Many individuals get their immigration status in the U.S. through marriage. What happens if such a person gets divorced from their spouse? The consequences depend on the situation.
What happens if I get divorced when my spouse is petitioning for my permanent residence?
If parties divorce during the immigration process this will generally prevent the foreign spouse from becoming a permanent resident. If USCIS learns of the divorce before approving the I-130 petition, the petition will be revoked. Revocation of the petition is not automatic, however. It is possible – though unlikely – that the foreign national could complete the residency application process post-divorce. This would be exceedingly unlikely if the residency application was made while in the U.S. (termed adjustment of status), as the U.S. spouse will be required to attend a pre-approval interview. Because U.S. spouses do not attend visa interviews at consular posts, however, a foreign national could complete a marriage-based visa interview before the consulate learned of a divorce.
Should a foreign spouse manage to acquire marriage-based permanent marriage following divorce she may be subject to financial penalty. The spouse would almost certainly have committed fraud for purpose of the immigration statute, and could be subject to recession proceedings to revoke her residence status. Yet it is important to note that revocation of residence would not happen automatically, requiring legal proceedings initiated by USCIS.
A foreign spouse is not necessarily without options if divorce occurs before she acquires residence. If subjected to abuse by the U.S. spouse, the foreign national may be eligible to “self-petition” under the Violence Against Women Act (VAWA). Likewise, a child subject to abuse by the U.S. spouse may also self-petition under VAWA. These petitions do not require that the U.S. spouse have been charged or convicted of an offense. Rather, the self-petitioner may use any credible evidence to prove up her claim of abuse.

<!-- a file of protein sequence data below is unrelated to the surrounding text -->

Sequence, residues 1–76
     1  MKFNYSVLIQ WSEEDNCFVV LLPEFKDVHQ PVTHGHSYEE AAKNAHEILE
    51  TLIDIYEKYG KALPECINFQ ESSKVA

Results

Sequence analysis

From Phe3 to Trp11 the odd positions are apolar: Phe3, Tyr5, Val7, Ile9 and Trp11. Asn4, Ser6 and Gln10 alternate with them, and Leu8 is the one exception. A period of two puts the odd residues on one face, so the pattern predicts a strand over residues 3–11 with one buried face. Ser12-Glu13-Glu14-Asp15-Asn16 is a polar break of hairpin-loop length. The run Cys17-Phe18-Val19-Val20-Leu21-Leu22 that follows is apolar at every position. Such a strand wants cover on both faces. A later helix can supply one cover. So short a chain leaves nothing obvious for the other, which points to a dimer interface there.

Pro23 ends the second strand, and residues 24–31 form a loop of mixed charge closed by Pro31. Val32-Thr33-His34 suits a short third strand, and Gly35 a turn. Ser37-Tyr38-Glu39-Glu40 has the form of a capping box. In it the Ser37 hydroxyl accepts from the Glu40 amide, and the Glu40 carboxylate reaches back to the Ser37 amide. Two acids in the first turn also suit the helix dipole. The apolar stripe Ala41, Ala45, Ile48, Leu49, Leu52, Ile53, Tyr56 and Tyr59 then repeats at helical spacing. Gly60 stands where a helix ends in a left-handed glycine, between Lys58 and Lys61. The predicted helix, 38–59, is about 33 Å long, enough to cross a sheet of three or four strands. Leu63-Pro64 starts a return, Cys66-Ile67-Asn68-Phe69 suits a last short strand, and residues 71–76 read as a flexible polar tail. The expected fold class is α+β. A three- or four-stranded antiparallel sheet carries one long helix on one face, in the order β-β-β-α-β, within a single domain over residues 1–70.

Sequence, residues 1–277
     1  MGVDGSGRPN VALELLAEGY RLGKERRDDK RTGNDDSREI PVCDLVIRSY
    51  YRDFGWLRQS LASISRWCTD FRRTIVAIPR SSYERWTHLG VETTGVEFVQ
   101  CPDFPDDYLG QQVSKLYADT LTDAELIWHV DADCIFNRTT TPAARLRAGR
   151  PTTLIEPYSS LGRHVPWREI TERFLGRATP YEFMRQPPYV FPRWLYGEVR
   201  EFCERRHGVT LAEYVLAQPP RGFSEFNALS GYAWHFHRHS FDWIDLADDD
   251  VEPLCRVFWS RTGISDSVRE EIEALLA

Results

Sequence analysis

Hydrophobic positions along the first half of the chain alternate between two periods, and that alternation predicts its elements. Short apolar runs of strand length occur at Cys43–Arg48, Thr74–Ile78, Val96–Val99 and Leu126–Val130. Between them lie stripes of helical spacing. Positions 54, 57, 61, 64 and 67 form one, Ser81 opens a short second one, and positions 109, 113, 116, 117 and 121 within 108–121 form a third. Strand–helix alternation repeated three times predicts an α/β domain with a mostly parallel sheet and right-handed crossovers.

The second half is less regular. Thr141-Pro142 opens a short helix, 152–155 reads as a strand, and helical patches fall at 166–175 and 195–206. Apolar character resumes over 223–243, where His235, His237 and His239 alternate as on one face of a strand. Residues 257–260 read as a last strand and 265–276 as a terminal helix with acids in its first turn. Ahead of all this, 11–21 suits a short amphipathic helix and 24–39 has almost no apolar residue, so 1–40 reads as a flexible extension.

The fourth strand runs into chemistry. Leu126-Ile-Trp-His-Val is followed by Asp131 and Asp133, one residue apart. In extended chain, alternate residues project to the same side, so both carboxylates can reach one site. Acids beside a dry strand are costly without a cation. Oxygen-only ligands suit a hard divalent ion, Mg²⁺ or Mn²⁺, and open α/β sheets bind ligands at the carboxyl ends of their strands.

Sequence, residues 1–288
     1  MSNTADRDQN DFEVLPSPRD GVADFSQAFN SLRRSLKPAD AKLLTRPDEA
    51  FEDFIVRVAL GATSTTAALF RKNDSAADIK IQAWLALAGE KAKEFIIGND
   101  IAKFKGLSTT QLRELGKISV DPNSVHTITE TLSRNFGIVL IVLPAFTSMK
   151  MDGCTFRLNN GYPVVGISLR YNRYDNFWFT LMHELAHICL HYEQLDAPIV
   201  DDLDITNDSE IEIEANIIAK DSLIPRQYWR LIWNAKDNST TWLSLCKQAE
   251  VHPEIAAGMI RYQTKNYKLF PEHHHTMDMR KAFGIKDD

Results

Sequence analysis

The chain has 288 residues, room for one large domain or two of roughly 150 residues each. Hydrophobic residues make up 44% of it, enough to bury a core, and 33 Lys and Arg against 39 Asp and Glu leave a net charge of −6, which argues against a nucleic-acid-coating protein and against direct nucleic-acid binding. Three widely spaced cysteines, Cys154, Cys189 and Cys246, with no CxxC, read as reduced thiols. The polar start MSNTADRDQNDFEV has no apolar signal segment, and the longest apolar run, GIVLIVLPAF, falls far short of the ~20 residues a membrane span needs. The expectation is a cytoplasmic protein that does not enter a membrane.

What if I get divorced during my 2-year conditional residency (2-year green card)?
An individual who has secured U.S. permanent residency based on a short-term marriage is given a form of probationary status. For a couple dissolving their marriage, “conditional” permanent residency has implications for both spouses. A foreign spouse with conditional permanent residence is in a precarious situation once separated from her U.S. spouse, and divorce threatens her ability to maintain residence.
In the 90-day period prior to the two-year anniversary of her conditional status, the foreign spouse is required to file the Form I-751 Petition to Remove Conditions of Residence. The Form does not specifically require that the conditional resident be currently residing with her U.S. spouse, but the petition must be jointly executed by both parties. If not jointly executed, the foreign spouse must seek a waiver of the joint filing requirement (read more).
A U.S. spouse could agree to jointly execute the I-751 petition despite being separated from his foreign spouse. This is not unusual where the parties hope to reconcile, or where the separation is amical and the U.S. citizen/resident wishes for his spouse to maintain immigration status. The U.S. spouse should expect to appear to receive a notice of interview for the I-751 petition, and his attendance will be mandatory. For a properly documented petition, the foreign spouse will want to submit joint records of the parties to demonstrate the bona fides of their relationship.